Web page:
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Watch: Scientists seek oldest ice on Earth to understand climate change

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The team will work in average temperatures of minus 50 degrees Celcius
The team will work in average temperatures of minus 50 degrees Celcius -
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A team of European scientists are going on an expedition to find the oldest ice on Earth, to better understand climate change.

They will head to Antarctica hoping to extract a 1.5 million-year-old ice core, it was announced at the European Geosciences Union (EGU) conference in Vienna on Tuesday.

Scientists hope that the ice core will unlock the story of Earth's shifting climate, as the composition of Earth's atmosphere is preserved in bubbles in the ice.

The team will be working in one of the most hostile environments on the planet, where the average temperature is -50°C and can fall as low as -80°C in the winter.

Professor Olaf Eisen, a glaciologist at the Alfred Wegener Institute (AWI) in Bremerhaven, Germany, is the mission coordinator.

"We are interested in determining the composition of the atmosphere and the time between 900,000 and one point two million years ago," he explains.

"The oldest ice core we have so far is 800,000 years old, that doesn't go back far enough. So within the project Oldest Ice — which is an international project within the international partnership of ice core sciences — the goal is to find at least one ice core going back to 1.5 million years ago."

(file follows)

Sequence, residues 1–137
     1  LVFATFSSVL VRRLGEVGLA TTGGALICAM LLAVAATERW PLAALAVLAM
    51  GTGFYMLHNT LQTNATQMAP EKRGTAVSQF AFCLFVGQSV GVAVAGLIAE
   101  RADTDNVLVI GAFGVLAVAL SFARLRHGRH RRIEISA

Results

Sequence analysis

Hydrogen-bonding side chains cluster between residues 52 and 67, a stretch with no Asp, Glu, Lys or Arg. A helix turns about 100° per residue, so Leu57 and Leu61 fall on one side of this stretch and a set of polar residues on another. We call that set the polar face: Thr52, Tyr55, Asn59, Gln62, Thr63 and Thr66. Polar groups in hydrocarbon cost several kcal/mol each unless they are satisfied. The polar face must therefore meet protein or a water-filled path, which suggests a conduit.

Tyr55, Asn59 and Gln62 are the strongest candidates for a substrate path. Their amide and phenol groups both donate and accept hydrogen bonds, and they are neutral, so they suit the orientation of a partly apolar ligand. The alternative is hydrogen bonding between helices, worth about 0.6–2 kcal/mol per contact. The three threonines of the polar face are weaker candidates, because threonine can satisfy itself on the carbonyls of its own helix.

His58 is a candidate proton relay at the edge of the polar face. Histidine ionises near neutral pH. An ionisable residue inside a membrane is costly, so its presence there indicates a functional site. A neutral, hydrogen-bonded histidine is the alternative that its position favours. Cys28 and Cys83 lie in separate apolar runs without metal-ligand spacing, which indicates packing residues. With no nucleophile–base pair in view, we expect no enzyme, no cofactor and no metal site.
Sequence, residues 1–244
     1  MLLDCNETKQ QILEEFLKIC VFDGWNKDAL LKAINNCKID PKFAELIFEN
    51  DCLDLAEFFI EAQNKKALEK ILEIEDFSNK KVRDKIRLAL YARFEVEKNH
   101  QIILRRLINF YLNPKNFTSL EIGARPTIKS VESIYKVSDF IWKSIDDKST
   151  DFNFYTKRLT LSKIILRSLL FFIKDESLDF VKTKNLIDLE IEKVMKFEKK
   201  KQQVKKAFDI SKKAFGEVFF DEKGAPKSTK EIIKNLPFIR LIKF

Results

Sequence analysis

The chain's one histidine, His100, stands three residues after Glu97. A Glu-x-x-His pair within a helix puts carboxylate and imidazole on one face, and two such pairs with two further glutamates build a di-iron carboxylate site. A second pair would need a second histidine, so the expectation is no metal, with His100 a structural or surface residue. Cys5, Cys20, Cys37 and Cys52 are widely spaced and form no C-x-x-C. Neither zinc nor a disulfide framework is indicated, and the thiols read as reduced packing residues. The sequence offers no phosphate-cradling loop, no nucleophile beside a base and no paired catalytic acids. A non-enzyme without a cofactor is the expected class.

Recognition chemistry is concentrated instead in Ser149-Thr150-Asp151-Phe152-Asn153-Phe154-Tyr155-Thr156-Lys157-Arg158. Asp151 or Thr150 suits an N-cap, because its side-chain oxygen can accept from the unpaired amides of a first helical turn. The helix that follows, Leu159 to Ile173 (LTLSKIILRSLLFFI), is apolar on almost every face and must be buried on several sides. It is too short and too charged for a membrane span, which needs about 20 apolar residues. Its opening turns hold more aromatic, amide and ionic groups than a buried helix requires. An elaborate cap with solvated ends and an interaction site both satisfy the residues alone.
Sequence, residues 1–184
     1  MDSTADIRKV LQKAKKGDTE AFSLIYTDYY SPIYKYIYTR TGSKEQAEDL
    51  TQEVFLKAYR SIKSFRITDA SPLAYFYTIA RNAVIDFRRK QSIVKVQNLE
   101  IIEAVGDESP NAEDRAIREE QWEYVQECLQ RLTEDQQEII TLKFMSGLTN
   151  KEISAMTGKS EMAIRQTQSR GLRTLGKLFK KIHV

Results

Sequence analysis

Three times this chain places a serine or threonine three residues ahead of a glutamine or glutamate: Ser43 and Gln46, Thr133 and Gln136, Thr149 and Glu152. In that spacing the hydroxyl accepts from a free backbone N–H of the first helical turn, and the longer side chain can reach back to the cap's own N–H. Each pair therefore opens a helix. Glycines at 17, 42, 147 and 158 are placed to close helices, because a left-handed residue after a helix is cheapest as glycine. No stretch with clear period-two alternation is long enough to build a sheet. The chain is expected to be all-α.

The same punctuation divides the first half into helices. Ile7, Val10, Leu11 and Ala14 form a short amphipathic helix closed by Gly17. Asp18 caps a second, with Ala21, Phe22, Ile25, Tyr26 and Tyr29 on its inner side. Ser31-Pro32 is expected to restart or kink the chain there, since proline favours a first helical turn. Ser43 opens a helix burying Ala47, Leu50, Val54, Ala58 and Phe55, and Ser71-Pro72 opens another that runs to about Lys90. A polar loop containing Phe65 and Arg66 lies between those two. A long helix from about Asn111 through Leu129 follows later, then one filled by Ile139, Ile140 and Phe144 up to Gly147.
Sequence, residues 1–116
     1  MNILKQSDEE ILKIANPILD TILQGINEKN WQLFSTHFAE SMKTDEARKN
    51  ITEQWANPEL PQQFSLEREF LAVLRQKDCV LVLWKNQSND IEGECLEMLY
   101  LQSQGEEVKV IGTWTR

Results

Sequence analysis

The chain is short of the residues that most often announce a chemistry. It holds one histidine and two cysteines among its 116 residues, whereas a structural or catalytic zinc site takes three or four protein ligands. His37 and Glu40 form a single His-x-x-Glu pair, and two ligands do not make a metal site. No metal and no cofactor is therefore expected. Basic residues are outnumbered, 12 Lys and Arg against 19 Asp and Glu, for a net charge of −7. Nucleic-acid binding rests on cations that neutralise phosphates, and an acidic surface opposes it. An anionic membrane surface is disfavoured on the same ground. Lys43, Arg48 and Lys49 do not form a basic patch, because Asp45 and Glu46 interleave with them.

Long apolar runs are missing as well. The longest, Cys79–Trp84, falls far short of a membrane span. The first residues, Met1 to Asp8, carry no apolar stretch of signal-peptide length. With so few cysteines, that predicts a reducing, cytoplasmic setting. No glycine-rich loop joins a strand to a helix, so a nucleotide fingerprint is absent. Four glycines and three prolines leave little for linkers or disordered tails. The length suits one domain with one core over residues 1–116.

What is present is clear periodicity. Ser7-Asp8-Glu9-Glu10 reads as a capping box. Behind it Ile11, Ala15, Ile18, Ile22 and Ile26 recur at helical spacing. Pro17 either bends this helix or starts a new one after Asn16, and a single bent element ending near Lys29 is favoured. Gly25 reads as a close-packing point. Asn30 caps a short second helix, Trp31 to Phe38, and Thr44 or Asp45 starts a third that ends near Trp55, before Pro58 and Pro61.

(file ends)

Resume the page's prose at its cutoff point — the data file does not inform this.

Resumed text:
The researchers will drill for ice near Antarctica's Concordia Research Station, a French-Italian collaboration which sits 3,300 metres above sea level, near the South Pole. The nearest human beings are stationed about 600 kilometres away, making Concordia more remote than the International Space Station.

The ice cores will be extracted from the Earth's bedrock, approximately 2.7 kilometres below the surface.

"We have to look for a place which is thick enough to have old ice, but not too thick so that you have melting at the base," explains Prof Eisen.

The project involves scientists from ten countries and 14 institutions, and the ice will be analysed by different teams of researchers across Europe.

Prof Eisen explained: "You really see that in Antarctica, no country alone is able to really go ahead with such a big project, you really need international collaborations."

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